As a young girl I had already started to observe the  behaviour of the frugal Foochow men and women. Firstly they would not spend their cash unnecessarily by going straight to the shops to buy stuff. They would bring their products to the market first and then put the cash into their hidden pockets in their trousers or blouses. A treat for themselves would be a bowl of kampua mee at Moi Soung if they thought they could use some money and wait for their last motor launch. Many would buy food and return as soon as possible to their villages before noon, if their transactions could be completed. Secondly, most of them would stand outside some of the popular shops along the Five Foot way to meet up with relatives. Thirdly, they would collect their mail, either from Nang Kwong or Hock Chiong, the rubber middleman business. Fourthly, they would do things very quickly, like buying supplies and fresh meat as soon as they could and fill their rattan baskets methodically.

I also remember my aunts loved to buy kompia and mah ngii, after they had some tofu or soy milk at the corner of Yu Chiong Company. My Foochow relatives eating and standing there was a happy scene in my mind all these years.

One very memorable scene was an aunt who kept her shoes in her hands from the boat, until she was near the Chinese temple. She had a hard time wearing her rubber shoes because her feet had been swollen by the fact that she had been stepping on the rubber sheets solidified by formic acid.She had to be treated in the Lau King Howe hospital for bad skin problems.In those days most Foochows' feet were "eaten" by ern moh choo, or formic acid. Many in fact suffered the worst of skin ailments and lesions. It was almost impossible to describe some of the lesions I saw. When private doctors started opening their clinics in Sibu, the rubber industry had already declined and women who had grown older had to live with white patches in their feet, the scars of formic acid.



There was another time when a young woman who was jilted by her lover was frothing in the mouth and vomiting because she took some formic acid to end her life. Many of the Foochow fellow passengers were sympathetic and tried to help the family to bring her to the hospital. Unfortunately the motor launch could not stop at the hospital jetty and she had to be taken by trishaw to the hospital, still writhing in pain. That was one ending to one of my childhood holidays down river. I was numb with fear after that and hated even the term Ern Moh Chu. We were told later that she died a slow death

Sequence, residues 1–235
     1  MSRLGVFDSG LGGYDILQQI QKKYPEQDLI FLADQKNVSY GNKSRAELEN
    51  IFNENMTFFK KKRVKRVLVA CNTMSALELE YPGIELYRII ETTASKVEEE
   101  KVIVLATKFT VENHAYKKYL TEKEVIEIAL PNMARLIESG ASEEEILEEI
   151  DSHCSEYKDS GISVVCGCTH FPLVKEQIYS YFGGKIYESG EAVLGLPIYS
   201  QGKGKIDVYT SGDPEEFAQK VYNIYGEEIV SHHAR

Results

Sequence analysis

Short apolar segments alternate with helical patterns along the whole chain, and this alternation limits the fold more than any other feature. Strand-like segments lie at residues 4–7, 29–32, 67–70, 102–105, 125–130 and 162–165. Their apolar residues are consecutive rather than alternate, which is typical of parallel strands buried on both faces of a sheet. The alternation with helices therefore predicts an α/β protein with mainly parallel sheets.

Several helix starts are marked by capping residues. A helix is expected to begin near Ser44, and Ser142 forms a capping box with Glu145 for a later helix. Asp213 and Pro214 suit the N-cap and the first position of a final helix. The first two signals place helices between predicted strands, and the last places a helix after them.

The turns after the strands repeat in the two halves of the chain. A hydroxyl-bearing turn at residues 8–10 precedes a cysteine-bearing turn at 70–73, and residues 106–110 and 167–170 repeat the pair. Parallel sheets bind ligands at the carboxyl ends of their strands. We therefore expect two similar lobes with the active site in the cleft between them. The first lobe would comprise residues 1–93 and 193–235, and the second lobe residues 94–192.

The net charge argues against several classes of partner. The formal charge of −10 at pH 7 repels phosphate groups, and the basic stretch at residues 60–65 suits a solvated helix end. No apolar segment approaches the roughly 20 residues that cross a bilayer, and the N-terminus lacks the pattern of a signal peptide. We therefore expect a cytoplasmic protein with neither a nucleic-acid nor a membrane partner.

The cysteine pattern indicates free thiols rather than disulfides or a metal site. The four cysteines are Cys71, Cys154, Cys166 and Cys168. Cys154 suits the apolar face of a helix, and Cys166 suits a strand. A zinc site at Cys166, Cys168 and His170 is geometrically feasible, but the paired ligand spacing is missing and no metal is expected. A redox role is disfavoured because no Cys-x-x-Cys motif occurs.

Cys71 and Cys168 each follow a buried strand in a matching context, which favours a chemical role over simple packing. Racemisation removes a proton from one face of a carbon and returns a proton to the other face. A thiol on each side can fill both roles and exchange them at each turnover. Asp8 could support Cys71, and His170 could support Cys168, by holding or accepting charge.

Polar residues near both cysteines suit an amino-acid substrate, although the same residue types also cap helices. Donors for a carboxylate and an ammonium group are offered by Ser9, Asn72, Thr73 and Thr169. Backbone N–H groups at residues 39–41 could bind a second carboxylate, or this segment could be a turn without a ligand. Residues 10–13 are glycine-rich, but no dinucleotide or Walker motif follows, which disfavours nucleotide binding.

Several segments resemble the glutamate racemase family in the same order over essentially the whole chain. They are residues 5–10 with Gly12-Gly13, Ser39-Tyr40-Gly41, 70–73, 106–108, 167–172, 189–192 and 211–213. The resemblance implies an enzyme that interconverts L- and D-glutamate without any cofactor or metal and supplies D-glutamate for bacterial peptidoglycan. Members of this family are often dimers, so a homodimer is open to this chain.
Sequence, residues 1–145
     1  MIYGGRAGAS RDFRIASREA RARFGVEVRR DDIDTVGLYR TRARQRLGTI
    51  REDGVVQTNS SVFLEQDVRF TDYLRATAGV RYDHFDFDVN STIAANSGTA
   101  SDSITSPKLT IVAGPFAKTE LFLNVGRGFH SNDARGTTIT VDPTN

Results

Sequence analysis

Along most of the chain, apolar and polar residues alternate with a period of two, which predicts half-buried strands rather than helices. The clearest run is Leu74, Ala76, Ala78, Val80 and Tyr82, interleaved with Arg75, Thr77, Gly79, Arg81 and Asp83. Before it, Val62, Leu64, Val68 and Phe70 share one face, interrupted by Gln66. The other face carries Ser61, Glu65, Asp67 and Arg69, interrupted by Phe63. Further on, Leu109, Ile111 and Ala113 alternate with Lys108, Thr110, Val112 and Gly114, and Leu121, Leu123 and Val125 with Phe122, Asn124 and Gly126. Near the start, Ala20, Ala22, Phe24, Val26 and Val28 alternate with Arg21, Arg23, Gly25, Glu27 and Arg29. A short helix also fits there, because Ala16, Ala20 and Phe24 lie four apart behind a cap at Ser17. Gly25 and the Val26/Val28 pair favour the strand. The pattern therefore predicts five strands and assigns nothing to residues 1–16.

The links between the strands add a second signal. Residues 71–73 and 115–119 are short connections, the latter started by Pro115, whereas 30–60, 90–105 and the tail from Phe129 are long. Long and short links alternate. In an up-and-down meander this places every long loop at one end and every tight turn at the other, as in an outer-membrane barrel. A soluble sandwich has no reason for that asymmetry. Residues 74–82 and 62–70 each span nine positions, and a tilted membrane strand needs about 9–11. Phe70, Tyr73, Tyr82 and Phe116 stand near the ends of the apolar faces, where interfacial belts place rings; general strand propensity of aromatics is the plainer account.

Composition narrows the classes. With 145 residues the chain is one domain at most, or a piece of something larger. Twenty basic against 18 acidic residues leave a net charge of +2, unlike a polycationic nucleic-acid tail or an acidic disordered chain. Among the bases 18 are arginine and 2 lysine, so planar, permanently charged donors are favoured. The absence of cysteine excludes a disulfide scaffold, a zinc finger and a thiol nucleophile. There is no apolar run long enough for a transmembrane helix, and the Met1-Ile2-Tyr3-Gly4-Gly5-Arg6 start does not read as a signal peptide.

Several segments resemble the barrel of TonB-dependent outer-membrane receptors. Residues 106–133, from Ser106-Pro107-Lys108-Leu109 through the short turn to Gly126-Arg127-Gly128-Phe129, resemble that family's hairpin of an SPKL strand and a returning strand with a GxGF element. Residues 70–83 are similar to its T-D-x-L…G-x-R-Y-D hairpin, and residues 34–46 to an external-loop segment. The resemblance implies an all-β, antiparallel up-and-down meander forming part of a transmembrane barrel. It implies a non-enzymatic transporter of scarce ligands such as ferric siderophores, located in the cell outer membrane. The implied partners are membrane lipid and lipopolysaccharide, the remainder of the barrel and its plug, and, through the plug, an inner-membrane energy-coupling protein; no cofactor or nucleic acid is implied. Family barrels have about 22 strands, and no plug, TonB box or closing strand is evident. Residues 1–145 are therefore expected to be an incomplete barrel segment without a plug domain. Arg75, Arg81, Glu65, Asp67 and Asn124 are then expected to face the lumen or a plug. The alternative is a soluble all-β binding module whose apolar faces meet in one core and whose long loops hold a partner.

It was good to see the smiles and joy on the faces of the Foochows as they alighted from the motor launches.


July 3, 2016

Sibu Tales : A Cabbage for a Lottery Ticket



This is a very old Sarawak Turf Club advertisement which was kept by my father in his drawer for a long time, 1961, when the numerical characters were still written in the old Classic Chinese style. I have kept it until now. My father was never a lottery buyer but he would get a few once in a while from his Singh friend. He would tell my mother, "I may not win, but it is one way of helping the ticket seller to get a bit of commission and to generally support the good causes of the turf club. My father in his life time never became lucky where horses were concerned.

The Chinese businesses in Sibu would print Calenders to give to their well wishers and customers. And Horse Racing days would be part of one particular kind of calender like the one shown. Horse races are all scheduled for each month. Very convenient.

I often think about lottery tickets and about how so many Foochows are reluctant to bet on anything. Perhaps this was due to the early responsibilities of the Foochow pioneers who were not allowe bad habits in the New Foochow, Sibu, as ordained by Wong Nai Siong and Rev. James Hoover. The Foochow pioneers were not allowed to gamble, womanize, smoke, drink ,and take opium. Lying was prohibited too. If caught committing these sins, they would be threatened to be sent back to China. I was told Rev Hoover did some some gamblers back to China.




Gee Jakee, a facebook friend told us the story of how a vegetable seller bought a winning ticket after he was persuaded to buy one by the Singh. Since he was not willing to part with his cash, the Singh suggested he paid with a head of cabbage. The vegetable seller won $400,000 and he was so happy that he gave Mr. Singh a special gift of money. Mr. Singh went back to India with his commission and the extra from the grateful vegetable seller. Mr. Singh eventually passed away at home.

That was a very princely sum in olden day Sibu!!